It's important to know how much SSI a beneficiary is receiving. If Sonya was receiving less than $334.33 in SSI because she was receiving income from another source, the payment of the rent in the example above would eliminate her eligibility for SSI. Thus, it is important to know how much SSI the person with a disability is receiving to make sure that there is not a total loss of SSI and an accompanying loss of Medicaid.

Once the ISM maximum reduction of $334.33 (in 2024) is reached, the trustee may pay for all the beneficiary's food, rent, and utilities without any further reduction in SSI.

Can a Special Needs Trust Own a House?

If a special needs trust owns a house or has enough assets to buy one outright, the beneficiary may be able to live in the house rent-free without affecting his or her SSI grant. (For more about this, read How Special Needs Trust Funds Can Be Used.)

However, if the trust pays other expenses associated with shelter—such as electricity, heat, or water—the amounts are considered ISM, and the grant is reduced dollar-for-dollar up to the $334.33 per month (in 2024) maximum deduction, as described above. If the trust were making mortgage payments on the house, those payments would also be considered ISM and would result in an SSI reduction, up to $334.33 per month.

Computing the Maximum Deduction for ISM

The maximum federal SSI grant increases every year, as the cost of living increases. In 2024, it is $943. The maximum deduction for ISM is one-third of this amount, plus $20: $334.33.

For more information on federal and state SSI benefits, visit the Social Security Administration's website at

For the ISM maximum deductions each year, see the SSA's Values for In-Kind Support and Maintenance.

Food stamps, low-income housing assistance, state-funded cash benefits, and noncash government benefits don't count as income in kind for purposes of computing an SSI grant.

Whether to Use a Special Needs Trust to Pay for Housing or Food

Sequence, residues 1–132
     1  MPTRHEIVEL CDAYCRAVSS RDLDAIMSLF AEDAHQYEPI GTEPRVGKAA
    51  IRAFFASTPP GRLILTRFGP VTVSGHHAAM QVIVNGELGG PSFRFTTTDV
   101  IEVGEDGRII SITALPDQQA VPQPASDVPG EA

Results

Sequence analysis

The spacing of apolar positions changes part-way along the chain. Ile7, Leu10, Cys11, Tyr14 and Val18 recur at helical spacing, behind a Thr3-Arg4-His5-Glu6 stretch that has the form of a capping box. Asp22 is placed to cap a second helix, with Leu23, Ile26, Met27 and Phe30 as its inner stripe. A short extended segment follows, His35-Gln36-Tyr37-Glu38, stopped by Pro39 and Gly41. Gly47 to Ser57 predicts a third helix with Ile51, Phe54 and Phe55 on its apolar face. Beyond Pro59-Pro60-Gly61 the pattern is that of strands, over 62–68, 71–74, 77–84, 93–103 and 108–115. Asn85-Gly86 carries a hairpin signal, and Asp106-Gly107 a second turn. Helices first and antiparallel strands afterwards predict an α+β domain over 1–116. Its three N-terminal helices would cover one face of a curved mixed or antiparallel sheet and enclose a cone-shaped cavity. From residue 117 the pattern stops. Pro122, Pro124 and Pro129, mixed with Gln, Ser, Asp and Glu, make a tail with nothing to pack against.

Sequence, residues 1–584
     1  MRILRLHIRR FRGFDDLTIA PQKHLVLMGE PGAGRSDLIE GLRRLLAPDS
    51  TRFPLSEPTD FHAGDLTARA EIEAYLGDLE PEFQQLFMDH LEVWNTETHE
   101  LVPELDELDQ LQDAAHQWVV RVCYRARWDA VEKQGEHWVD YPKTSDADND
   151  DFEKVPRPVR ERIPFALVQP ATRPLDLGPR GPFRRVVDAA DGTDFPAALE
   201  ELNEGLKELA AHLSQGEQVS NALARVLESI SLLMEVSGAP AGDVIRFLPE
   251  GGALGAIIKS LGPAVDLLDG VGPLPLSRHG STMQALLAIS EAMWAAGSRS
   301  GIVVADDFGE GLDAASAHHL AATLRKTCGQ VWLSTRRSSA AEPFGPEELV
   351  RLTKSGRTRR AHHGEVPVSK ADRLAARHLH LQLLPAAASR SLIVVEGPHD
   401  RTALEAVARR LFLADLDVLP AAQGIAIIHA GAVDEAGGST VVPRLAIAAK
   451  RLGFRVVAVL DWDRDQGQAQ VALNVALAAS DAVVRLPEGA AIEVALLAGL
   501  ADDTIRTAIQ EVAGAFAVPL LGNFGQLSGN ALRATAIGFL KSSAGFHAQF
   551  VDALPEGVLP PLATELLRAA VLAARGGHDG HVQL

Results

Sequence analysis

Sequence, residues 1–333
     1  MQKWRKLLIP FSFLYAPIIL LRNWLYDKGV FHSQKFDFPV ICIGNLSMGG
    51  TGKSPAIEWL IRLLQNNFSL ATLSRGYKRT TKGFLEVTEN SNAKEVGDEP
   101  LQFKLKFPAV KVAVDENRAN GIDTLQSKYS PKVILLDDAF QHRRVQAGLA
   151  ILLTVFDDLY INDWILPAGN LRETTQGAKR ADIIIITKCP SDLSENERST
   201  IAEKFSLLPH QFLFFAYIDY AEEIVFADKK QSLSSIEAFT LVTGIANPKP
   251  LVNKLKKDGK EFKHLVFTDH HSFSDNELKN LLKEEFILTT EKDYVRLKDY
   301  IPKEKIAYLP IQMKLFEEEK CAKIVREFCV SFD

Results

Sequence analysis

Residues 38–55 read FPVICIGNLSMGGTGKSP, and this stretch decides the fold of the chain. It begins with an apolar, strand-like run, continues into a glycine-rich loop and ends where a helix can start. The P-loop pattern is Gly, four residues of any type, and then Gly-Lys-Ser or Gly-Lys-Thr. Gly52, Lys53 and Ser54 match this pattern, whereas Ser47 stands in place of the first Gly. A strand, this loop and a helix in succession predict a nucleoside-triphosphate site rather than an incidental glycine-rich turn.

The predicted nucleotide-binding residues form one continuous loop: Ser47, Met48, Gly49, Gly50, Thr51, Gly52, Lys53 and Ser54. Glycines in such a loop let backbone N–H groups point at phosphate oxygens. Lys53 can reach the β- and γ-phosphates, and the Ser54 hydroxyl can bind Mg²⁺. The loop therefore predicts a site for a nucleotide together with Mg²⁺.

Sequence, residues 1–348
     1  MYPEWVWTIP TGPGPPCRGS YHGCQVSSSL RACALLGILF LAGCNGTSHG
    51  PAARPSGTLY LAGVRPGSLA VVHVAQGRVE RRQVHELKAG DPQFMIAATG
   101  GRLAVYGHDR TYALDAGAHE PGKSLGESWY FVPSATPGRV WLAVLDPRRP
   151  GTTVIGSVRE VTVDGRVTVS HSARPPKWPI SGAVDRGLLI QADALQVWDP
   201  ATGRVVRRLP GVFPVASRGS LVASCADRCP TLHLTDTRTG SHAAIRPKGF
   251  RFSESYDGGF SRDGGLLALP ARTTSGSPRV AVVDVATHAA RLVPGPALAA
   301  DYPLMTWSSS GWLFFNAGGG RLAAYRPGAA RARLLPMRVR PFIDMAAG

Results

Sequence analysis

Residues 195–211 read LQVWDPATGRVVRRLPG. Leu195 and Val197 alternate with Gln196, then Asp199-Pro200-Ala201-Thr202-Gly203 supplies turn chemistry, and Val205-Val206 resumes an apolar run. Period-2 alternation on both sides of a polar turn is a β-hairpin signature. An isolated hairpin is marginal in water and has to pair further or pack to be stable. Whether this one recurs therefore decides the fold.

Before deciding whether you should use the funds in a special needs trust to pay for rent, mortgage, or food, you should understand how much money will be deducted from the beneficiary's SSI grant, and whether that deduction is worth it (or, conversely, could cause you to lose SSI and Medicaid benefits). In other words, ask the following:

  • How much of the trust funds would you spend each month on rent, mortgage, or food?
  • How much SSI is the beneficiary receiving each month?
  • How much will be taken from the beneficiary's SSI grant each month as a result of the ISM deduction? (See the discussion above; this amount is capped.)
  • Does the deduction exceed the beneficiary's SSI grant? (If so, you should not proceed, as you could lose not only SSI, but Medicaid as well.)
  • Is the benefit to the beneficiary worth that deduction in the SSI grant?

More About Special Needs Trusts

To learn more about special needs trust, go to Nolo's Special Needs Trusts section.

For a detailed description about properly administering a special needs trust, read Administering the California Special Needs Trust, by Kevin Urbatsch and Michele Fuller.

This article was excerpted from Special Needs Trusts, by Kevin Urbatsch and Michele Fuller-Urbatsch (Nolo), which provides all of the information and forms you need to create a special needs trust without a lawyer.